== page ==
The Big Brother re-run lost out to Richard Strauss' Metamorophosen this morning in the pre-work entertainment stakes. A no-brainer? Sadly not in an age when even the most respected intelects are considered frumpy if they don't admit to snatching a slice of cultural tripe in between their Ezra Pound and their Tennessee Williams (those Sezer comments on your Oxenholme piece weren't lost on me James).
So what's the problem with Richard Strauss? Well, there isn't one really, but The Problem with Richard Strauss is a better title than just Richard Strauss isn't it? Some people do say there's a problem with him, and accuse him of being a Nazi collaborator. In truth, Strauss just got on with his life under the Nazis, and as that life progressed, felt horrified and deeply sadenned that he had done just that. Many others did it too - emotionally tortured by their lack of defiance and seeming ignorance. I began to wonder what I would have done in 1940s Germany - but at that point the toast popped up so thankfully I didn't have to pursue that one.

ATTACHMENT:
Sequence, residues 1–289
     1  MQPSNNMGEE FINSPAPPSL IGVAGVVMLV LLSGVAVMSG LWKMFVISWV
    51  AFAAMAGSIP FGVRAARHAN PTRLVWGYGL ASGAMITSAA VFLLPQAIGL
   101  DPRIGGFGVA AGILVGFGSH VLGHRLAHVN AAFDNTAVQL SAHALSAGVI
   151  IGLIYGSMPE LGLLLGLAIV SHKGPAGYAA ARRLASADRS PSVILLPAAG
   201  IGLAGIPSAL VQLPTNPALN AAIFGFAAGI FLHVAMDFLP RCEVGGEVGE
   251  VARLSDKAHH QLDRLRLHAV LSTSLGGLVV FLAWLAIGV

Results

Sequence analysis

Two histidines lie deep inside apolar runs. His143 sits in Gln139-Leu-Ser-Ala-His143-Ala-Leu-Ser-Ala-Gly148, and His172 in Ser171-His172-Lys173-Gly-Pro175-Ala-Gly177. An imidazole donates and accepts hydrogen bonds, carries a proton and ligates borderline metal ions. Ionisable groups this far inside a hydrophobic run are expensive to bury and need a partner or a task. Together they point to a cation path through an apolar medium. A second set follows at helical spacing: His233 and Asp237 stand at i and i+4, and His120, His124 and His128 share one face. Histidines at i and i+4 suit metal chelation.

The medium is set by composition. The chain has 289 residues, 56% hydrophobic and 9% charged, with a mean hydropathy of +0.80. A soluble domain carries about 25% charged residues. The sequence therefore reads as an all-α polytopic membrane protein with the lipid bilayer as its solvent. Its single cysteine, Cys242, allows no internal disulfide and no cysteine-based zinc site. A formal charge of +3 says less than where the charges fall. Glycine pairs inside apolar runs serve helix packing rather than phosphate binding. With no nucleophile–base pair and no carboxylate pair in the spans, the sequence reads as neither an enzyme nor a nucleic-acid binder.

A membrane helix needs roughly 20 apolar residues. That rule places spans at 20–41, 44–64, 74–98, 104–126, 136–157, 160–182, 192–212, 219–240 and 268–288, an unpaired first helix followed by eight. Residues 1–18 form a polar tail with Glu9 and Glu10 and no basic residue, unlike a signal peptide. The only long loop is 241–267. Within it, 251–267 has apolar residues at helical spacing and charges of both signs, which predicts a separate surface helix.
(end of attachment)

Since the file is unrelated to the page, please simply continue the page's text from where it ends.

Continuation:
There was one staggeringly effective moment of defiance from Strauss. Metamorphosen - A Study for Strings was the composer's elegy for the country he once loved and that he saw being torn apart by Nazism. Nice of him isn't it? 'Never mind what you're doing to all those jews, but for God's sake don't shut the opera house'. Well, that's the shortsighted view. In reality, if you really want to know how tragic Strauss viewed the progression of Nazism, you only have to listen to Metamorphosen. It's a work that shows the deepest pain and the deepest sense of humanity. It's a gesture of compact humility from perhaps the greatest large-scale orchestrator who has ever lived. It's a monumental struggle - which life itself is. Especially when you realise you've run out of milk and will have to wait until you get to work for that cup of tea.